NEW YORK (Reuters) - U.S. companies, particularly those in the energy sector hit by tumbling oil prices, faced the toughest climate to get cash to run their business in more than six years, a report from Moody’s Investors Service released late Monday showed.
The rating agency said its “Liquidity-Stress Index” jumped to 7.9 percent in January from 6.8 percent in December 2015, the highest since December 2009 and the biggest one-month gain since March 2009.
Reduced issuance of high-yield bonds and growing risk premiums investors demand on them propelled the index higher last month, Moody’s said.
“Operating weakness and maturities coming due in early 2017 are straining the liquidity of companies of some low-rated companies,” said John Puchalla, a Moody’s Senior Vice President in a statement.
Moody’s liquidity index on oil and gas companies increased to 21.4 percent in January from 19.6 percent in December, which is not far below its 24.5 percent recessionary peak in March 2009.
Increasing struggle for companies with junk ratings to raise cash portends more defaults, it added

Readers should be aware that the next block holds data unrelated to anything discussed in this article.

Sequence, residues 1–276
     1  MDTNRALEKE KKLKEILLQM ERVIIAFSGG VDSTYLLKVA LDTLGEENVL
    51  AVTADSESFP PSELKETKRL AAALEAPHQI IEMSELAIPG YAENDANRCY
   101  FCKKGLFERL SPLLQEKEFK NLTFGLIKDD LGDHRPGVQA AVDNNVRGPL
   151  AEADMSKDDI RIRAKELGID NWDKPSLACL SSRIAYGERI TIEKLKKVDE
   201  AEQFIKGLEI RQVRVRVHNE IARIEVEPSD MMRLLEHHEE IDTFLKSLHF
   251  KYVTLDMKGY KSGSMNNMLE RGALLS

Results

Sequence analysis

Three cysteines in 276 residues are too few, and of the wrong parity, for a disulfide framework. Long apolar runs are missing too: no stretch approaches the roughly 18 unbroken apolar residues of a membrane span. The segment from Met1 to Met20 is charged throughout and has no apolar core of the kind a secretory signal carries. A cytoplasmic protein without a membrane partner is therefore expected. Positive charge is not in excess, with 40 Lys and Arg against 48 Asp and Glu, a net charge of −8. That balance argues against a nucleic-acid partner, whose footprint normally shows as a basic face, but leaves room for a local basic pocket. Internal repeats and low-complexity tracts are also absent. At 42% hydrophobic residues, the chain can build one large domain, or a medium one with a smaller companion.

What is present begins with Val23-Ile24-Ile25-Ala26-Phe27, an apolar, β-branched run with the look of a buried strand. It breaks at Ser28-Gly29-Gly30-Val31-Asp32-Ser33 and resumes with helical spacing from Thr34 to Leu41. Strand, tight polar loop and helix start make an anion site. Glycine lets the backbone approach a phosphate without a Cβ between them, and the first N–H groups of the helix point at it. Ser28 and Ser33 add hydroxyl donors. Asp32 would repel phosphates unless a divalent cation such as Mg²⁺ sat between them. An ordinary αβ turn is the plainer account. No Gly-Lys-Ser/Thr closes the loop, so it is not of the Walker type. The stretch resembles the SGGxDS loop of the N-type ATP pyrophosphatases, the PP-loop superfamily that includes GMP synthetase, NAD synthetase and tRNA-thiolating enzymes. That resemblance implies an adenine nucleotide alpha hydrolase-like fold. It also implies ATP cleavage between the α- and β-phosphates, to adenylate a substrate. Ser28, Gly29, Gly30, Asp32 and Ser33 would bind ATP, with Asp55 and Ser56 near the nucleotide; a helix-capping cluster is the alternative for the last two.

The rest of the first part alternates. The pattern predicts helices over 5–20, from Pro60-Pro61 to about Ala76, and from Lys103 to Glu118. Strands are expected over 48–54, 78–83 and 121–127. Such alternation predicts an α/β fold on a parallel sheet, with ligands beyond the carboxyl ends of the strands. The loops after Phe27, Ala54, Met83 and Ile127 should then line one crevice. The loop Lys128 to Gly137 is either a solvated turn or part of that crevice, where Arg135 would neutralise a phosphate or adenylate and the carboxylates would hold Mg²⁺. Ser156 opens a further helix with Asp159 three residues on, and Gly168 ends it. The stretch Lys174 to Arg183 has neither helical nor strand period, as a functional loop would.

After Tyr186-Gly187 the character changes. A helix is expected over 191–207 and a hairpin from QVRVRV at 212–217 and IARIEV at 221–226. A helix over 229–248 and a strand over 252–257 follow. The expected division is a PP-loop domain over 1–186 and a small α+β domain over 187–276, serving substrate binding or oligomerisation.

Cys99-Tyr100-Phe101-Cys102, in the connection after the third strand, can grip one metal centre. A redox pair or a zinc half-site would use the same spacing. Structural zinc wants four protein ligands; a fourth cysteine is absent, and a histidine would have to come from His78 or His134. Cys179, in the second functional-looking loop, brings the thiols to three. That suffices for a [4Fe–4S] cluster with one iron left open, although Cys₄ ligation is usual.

“As borrowing rates rise and credit markets tighten, companies closer to the margin will find it challenging to cost-effectively refinance their upcoming debt maturities.”
Moody’s projected the default rate on U.S. junk bonds would climb to 4.4 percent in December this year from 3.2 percent in December 2015.
Liquidity stress was also felt outside the energy sector.
Moody’s said its non-oil and gas sector liquidity stress index rose to 4.5 percent in January, which was the highest since November 2010 and up from 3.6 percent in December.
Reporting by Richard Leong Editing by W Simon
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